Sh445m pay to hotelier that hangs over Governor Kawira Mwangaza

Meru Governor Kawira Mwangaza. [Wilberforce Okwiri, Standard]

Meru Governor Kawira Mwangaza faces the daunting prospect of paying Sh445,022,388.28 to a hotelier as compensation following a court ruling.

This is in addition to being saddled with a hefty Sh1.2 billion in pending bills.

The orders to pay Leopard Rock Mico Limited, which ran Leopard Rock Lodge in Meru National Park, emanated from lawsuit a filed during the reign of first county boss Peter Munya, which rolled over to the Kiraitu Murungi administration and has now been inherited by the current government.

On October 1, 2008, the Nyambene County Council and the lodge’s owner agreed to execute a lease, which was done on October 3.

But barely seven years later, hotelier Michael Dechauffour was served with an eviction notice in 2015 and again in 2018.

A section of Leopard Rock Lodge in Meru National Park, Meru County. [File, Standard]

The reason given was that certain buildings plans of the lodge had not been approved as required by law. The holding company, however, cried foul, arguing that the lodge’s lease was to end in 2034.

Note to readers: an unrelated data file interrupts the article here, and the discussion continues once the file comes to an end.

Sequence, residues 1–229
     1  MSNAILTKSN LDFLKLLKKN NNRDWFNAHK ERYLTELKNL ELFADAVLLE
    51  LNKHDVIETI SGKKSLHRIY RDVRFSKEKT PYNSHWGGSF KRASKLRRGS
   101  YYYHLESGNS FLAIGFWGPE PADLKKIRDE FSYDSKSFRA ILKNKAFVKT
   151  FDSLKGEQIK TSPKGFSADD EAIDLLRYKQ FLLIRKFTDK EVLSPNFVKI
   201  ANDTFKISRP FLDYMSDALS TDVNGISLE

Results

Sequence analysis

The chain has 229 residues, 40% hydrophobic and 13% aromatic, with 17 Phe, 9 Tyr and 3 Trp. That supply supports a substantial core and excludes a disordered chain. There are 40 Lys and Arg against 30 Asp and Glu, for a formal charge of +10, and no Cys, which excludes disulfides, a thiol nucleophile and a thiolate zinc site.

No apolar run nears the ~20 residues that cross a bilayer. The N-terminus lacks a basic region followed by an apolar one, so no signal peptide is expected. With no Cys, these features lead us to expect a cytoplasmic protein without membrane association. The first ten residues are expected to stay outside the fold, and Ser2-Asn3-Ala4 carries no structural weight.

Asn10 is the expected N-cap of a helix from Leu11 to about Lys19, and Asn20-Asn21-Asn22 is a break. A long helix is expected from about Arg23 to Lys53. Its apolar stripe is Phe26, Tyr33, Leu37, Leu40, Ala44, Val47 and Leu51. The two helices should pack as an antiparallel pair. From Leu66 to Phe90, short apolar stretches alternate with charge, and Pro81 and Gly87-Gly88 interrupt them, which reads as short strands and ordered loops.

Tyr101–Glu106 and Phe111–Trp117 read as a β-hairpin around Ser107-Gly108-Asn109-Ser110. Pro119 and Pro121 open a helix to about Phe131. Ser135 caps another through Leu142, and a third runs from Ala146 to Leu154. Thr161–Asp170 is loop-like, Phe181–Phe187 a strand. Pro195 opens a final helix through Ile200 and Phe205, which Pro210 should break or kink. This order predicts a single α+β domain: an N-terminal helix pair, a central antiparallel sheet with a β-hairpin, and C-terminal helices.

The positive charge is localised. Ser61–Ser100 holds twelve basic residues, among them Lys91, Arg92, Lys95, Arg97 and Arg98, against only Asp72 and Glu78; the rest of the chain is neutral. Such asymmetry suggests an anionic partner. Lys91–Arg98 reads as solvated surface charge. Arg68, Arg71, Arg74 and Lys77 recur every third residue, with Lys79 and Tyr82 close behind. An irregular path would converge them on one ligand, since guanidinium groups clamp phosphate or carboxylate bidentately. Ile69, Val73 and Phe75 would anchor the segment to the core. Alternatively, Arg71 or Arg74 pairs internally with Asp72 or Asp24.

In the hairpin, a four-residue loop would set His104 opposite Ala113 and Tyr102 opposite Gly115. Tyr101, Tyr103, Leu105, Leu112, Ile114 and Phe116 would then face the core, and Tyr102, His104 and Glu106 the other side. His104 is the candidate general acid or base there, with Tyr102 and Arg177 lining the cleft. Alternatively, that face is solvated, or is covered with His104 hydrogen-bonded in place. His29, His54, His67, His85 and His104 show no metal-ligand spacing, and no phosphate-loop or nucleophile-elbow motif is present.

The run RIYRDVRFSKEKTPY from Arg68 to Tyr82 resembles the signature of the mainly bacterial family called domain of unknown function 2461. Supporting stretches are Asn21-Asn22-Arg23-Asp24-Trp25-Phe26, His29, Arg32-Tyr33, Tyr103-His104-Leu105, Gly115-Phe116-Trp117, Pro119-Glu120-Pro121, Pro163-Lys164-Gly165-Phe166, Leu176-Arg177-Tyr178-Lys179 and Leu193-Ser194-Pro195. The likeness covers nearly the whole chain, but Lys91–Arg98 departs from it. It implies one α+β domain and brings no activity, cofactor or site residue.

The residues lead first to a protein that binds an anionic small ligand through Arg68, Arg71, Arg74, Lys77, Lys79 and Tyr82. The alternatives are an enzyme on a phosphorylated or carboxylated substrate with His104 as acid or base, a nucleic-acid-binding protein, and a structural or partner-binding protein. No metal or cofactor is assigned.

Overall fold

Court documents show that Barker & Barton LLP, a quantity survey firm, was retained to value the lodge after the dispute arose. The firm valued the building and fixtures at Sh329,633,985.

PricewaterhouseCoopers valued the loss of investment at Sh175,831,000, and the owner at trial produced an inventory that valued the moveable assets at Sh20,417,000 for a grand total of Sh525,881,985.

The matter was taken to arbitration where the owner was awarded Sh329,633,985 and Sh7,436,5000 as cost of assorted movable assets together with annual interest at 14 per cent from March 8, 2019 till payment is made in full, plus costs of the proceedings.

Meru High Court Judge Thripisisa Cherere issued an order for the county to pay Sh445,022,388.28, a judgement the Kiraitu’s administration appealed but lost. But in October 2020, former Deputy Governor Titus Ntuchiu, who also doubled as Finance Executive, said they were ready to go to the Supreme Court to contest the award.

Mr Ntuchiu argued that when they executed the eviction order issued by the previous administration, the idea was to partner with a serious investor to develop the hotel into a top facility that would increase tourist traffic in the park.